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kalynraye
16 Jul 2016, 08:42
So its time to build a fence, or get a fence estimate at least and we have no idea besides where we mow and our neighbors mow where exactly our property lines are. Nothing in my paperwork for the house gives me an idea where they are exactly. I asked my realtor and she had nothing. Now that being said I do have a paper that tells me what "lot number and degrees" the property lines are but I would have to get a surveyor for that. And the average cost of that is $500-700 and aint nobody got time for that. I have contacted the City to see if they have that info on public record but am out of other ideas. So homeowners is there anything else I can do that wont cost me a fortune to find out exactly? My next step will be of course to talk to the neighbors. They are 2 old ladies on each side so its possible they have that info well.

monsno_leedra
16 Jul 2016, 08:52
I'd rent a metal detector and try to locate the boundary post's. Most times they are metal rods and driven at the corner spots in my experience. Once located you pretty well know the edges of your property. Then move in say 6 inches to put the fence in so it doesn't straddle the property line. That said though need to be aware of right of ways and such if you but up to roads or have access ways across the property to get to property behind or around yours.

kalynraye
16 Jul 2016, 09:58
The house was built in the 30's would they have put the rods in the ground then?

thalassa
16 Jul 2016, 10:25
Well...your deed should contain a legal description of your property, including a boundary description. You can use this, if you insist on DIY, to figure out an approximation of your boundaries.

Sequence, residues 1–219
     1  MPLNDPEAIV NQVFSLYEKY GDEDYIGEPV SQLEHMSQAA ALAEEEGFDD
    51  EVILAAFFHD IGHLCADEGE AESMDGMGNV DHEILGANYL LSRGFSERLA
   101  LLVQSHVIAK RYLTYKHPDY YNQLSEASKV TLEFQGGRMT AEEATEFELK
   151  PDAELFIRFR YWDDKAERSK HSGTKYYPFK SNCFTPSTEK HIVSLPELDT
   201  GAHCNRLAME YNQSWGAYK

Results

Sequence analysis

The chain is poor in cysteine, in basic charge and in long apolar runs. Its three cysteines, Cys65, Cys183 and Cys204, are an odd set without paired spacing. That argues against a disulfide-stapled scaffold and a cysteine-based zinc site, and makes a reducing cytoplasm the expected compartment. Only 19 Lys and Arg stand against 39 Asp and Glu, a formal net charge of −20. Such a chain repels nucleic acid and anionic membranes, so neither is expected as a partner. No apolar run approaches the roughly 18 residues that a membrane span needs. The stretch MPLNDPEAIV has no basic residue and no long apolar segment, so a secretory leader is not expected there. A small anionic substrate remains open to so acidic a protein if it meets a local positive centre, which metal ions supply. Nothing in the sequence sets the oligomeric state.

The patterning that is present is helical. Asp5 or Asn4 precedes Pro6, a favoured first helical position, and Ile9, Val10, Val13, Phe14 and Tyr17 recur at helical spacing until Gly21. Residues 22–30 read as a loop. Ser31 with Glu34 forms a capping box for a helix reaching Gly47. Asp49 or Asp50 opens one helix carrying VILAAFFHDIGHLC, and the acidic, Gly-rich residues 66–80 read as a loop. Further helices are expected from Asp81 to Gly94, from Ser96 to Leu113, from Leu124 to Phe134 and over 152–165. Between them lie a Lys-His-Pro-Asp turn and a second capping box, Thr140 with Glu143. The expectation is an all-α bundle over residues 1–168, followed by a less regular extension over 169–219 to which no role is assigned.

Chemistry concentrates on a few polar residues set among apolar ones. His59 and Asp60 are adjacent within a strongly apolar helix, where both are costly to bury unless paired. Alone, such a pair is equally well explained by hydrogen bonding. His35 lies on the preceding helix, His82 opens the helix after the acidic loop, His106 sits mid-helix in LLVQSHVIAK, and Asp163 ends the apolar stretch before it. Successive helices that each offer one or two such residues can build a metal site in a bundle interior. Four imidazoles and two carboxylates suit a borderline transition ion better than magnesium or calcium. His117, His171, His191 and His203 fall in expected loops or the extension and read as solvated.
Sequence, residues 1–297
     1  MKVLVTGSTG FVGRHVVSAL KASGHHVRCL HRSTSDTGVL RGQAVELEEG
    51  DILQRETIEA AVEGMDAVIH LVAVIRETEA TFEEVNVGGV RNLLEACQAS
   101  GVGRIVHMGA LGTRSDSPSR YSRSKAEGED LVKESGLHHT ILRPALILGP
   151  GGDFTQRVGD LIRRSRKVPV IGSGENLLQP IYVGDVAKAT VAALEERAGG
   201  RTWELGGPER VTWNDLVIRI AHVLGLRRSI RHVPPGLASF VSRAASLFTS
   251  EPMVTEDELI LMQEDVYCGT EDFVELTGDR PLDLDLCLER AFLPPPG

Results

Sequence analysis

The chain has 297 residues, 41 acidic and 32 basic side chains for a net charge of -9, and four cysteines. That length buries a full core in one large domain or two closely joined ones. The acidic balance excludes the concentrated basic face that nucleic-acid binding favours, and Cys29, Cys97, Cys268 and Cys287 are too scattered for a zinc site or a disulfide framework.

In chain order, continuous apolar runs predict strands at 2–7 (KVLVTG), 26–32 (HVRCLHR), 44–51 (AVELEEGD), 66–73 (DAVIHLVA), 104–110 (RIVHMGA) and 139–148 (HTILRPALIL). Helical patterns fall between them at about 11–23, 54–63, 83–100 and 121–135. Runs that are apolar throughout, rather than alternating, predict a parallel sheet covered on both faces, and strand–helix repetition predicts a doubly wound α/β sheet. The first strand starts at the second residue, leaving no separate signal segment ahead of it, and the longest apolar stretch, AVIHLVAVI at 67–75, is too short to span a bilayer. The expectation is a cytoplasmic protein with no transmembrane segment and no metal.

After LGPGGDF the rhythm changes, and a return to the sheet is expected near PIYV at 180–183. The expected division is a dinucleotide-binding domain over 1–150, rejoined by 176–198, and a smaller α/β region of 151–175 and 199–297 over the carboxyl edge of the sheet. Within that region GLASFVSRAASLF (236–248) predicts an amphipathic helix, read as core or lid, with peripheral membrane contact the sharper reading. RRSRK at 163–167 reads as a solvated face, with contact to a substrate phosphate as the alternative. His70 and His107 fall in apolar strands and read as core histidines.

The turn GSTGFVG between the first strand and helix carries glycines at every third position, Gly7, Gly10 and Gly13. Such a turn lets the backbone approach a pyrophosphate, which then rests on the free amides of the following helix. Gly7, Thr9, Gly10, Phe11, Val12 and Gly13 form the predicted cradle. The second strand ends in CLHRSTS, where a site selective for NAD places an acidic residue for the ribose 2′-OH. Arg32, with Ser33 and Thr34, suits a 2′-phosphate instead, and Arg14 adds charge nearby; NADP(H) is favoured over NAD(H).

Here are some ideas: http://homeguides.sfgate.com/out-property-lines-house-3473.html
This article is a lot more in-depth: http://www.motherearthnews.com/homesteading-and-livestock/home-property-survey-zmaz86sozgoe.aspx
And...thanks to technology (obviously you need some info for this)--how to use your cell phone to help determine your property lines: https://propertylinemaps.com/p/pdf-cell-phone-find-property-lines.pdf

But...my dad started out his career as a civil engineer as a surveyor (now he's a city inspector), and I'm gonna tell you what he has always said: Get your survey done by a licensed professional with a good reputation and a well-written contract--if they make a mistake, they pay for it and you are only out the money you paid them. If you make a mistake, you can owe a heck of a lot more than the money you'd have paid the surveyor. If you make a mistake it can mean legal problems down the line at worst, needing to move your fence and any landscaping at best.

Probably hindsight now, but this is probably something you should have written into your loan, if you'd known you had wanted to do build a fence, or insisted the prior home owner do as part of buying the house.


That being said, unless you and your neighbors want to share a fence (an option in come communities), though not one I would EVER consider, my honorary uncle (he's a general contractor) usually tells people to come inside their boundaries the width of a riding lawn mower (if they own one) or 2 lawn mower widths (if you have a regular mower)--any less, and you can't mow it easily with out being in the neighbors yard and you have the option of (to reduce mowing and improve drainage) using the fence-to-property line area as planting space for (what I call) "stay away from my fence" plants--roses, etc.

monsno_leedra
16 Jul 2016, 11:14
The house was built in the 30's would they have put the rods in the ground then?

Possibly. While much older surveys used tree's, rivers, rocks, roads and such as markers many later ones used rods of some sort. It is possible though that in order to sell it the owner may have had it re-surveyed to ensure plats and such are up to date. You can also check with the local court house to see if the surrounding property has been re-surveyed and that is noted. Especially so if surrounding property has been sub-divided in any capacity and borders the property you've purchased.

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.. That being said, unless you and your neighbors want to share a fence (an option in come communities), though not one I would EVER consider, my honorary uncle (he's a general contractor) usually tells people to come inside their boundaries the width of a riding lawn mower (if they own one) or 2 lawn mower widths (if you have a regular mower)--any less, and you can't mow it easily with out being in the neighbors yard and you have the option of (to reduce mowing and improve drainage) using the fence-to-property line area as planting space for (what I call) "stay away from my fence" plants--roses, etc.